Arc. Gaetan Siew
Competence, Resources, Leadership, Governance, Resilience, Climate Change, Innovation, Inclusivity, Participation, Dialogue. These keywords were repeated over and over like a mantra throughout the week at the World Urban Forum of Medellin or WUF7 for those who affectionately named it. It was a unique opportunity for all to help to solve some of the basic
and fundamental problems challenging us.
Paradoxically it was very refreshing in these days of global crisis to feel and perceive a general note of optimism among the 22 000 participants from 164 countries. Said in different words, WUF7 MEDELLIN – 07th – 11th April 2014:
Notes by G. Siew these notes of optimism were on the lips of everyone from mayors to activists, industry, professionals and most importantly among the youth. The feeling was contagious. A few years back UN-Habitat celebrated the World Day of Habitat as Cities – Magnets of Hope. Today it would seem that they have gone beyond the concept of hope, they are really becoming drivers of development and of the economy. They have become the place to integrate all solutions ranging
from sheer common sense to the latest innovation of technology. From magnets of hope they have become Cities of Opportunities.
People are convinced that we have the resources and capacity to do it and to make the planet a better place to do it.
This strongest message was that cities are on the rise as economic centres, centres of innovation and centres of learning. When asked how they will achieve that, most answered through “inclusivity”. Each presented it in extremely different ways. They ranged from Asker, Norway, a city near Oslo, with its strong economy and social welfare state, to Goma, The Congo, which has just emerged from civil war and where the most basic problems such as clean water must be addressed; from Seoul, South Korea, where tradition had led to the marginalisation of women, to Johannesburg, South Africa, where millions live in shanty towns and remain in extreme poverty.
Not surprisingly, we learned that ways to achieve inclusivity, and therefore opportunity, varied from city to city, based on size, economy, politics, infrastructure, location, history, etc. Asker-Norway by a broad-based democracy through non-stop dialogue.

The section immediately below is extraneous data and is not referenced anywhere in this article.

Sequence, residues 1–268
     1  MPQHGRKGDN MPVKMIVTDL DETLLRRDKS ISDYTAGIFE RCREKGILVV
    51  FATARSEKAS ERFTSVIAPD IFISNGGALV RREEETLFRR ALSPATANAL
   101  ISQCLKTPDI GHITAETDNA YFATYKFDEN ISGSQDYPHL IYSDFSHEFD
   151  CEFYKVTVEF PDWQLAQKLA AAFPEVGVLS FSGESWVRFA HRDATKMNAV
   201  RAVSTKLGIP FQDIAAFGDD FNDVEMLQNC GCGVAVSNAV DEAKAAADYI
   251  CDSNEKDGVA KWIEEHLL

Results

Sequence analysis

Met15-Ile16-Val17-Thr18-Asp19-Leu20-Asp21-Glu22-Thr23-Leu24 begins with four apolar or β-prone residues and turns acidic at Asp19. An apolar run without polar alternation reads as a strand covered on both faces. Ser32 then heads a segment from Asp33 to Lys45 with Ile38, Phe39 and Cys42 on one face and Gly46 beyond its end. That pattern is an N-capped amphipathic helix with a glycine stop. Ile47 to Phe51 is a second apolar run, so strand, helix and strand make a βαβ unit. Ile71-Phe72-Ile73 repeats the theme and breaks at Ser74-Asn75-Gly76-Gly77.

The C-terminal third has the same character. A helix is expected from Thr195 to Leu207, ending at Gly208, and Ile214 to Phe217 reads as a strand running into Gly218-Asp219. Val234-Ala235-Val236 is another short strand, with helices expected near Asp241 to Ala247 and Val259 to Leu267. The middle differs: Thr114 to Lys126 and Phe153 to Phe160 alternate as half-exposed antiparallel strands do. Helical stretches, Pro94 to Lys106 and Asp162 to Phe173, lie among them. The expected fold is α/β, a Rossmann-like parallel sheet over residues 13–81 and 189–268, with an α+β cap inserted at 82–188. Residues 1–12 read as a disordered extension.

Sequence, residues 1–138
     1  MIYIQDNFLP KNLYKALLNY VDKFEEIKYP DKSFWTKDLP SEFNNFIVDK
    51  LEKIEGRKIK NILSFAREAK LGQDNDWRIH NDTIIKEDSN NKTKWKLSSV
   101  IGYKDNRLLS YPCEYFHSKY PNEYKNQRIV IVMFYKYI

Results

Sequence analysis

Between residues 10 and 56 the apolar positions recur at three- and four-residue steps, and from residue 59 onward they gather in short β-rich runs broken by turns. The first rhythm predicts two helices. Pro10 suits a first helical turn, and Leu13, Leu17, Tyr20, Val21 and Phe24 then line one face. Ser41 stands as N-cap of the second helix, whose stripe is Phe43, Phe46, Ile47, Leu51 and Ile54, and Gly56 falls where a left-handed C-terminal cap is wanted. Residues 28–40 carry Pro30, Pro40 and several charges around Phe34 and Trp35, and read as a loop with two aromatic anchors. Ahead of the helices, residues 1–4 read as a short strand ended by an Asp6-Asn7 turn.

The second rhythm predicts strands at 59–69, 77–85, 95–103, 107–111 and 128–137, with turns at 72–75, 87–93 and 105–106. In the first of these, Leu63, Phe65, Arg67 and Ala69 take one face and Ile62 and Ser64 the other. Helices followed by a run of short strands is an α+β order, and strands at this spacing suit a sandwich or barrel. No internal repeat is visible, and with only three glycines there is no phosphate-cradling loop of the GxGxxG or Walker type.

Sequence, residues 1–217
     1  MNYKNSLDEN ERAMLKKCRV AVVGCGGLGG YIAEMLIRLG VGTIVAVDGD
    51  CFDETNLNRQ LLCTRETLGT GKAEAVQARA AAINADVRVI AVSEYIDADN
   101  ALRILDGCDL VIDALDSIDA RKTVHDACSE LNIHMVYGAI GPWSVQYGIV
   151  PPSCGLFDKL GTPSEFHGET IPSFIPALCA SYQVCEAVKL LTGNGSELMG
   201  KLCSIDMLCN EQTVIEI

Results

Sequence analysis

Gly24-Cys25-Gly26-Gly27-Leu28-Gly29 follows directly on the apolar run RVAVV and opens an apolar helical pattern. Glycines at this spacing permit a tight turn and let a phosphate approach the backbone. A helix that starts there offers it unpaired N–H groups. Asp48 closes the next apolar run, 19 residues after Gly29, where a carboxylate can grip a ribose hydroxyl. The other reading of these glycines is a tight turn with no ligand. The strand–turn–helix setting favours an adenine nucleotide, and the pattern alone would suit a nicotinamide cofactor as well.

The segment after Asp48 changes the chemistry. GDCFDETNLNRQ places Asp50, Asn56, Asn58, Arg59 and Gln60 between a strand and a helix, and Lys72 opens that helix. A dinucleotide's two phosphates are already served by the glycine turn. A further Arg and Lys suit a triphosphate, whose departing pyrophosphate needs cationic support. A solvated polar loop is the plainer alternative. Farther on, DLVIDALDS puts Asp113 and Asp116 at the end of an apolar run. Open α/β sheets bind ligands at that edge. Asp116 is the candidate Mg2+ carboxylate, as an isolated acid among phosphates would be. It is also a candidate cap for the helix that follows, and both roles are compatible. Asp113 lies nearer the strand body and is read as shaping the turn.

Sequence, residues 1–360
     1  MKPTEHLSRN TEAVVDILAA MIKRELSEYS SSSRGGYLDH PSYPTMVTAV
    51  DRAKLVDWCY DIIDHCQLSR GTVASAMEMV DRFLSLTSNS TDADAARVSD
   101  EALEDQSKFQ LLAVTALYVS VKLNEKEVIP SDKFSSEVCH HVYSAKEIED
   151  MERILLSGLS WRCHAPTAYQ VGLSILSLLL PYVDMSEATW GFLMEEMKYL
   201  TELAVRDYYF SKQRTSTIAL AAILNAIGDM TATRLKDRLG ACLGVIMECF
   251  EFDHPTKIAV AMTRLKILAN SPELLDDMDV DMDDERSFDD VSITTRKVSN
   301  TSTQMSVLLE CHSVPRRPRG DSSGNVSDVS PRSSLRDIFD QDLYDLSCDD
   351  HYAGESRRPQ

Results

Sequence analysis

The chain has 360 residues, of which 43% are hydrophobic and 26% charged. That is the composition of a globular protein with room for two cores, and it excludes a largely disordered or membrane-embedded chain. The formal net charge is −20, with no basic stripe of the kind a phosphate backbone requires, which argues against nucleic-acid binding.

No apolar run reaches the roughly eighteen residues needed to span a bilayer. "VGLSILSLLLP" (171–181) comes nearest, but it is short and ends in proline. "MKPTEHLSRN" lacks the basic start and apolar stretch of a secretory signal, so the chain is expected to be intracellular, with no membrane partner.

Goma-Congo through investment in its youth.
Technology came in as a natural enabler. However most stakeholders associated the human factor to it. In short, all were enthusiastic about new technology but not fanatics. It was clearly stated from all sources that technology and statistics often Ignored the intuitive and important human factor. The concept of integration was mentioned over and over without using THE word. It was understood as people working together, information sharing, designing single solutions to multiple problems.
George Ferguson, (an Architect) the Mayor of Bristol has understood very well the lesson and has transformed his city in 18 months with the human factor and Leadership. He is nominated to be one of the best Mayors in the world just like Jaime Lerner, former Mayor of Curitiba (another Architect!) Other abstract concepts such as Truth, Beauty and Trust were intuitively felt as essential although they cannot be scientifically proven. More intuition and less data; all accumulating to a collection of small differences, but important ones. It was repeated
through various forums, discussions and debates that three factors were essential for a liveable city – social engagement, open mind diversity and beauty!
At the end, I perceived that the unsaid objective of it all was Cities for Life, a Better Life. A city they would be proud of. I am one of those, an Urban Optimist.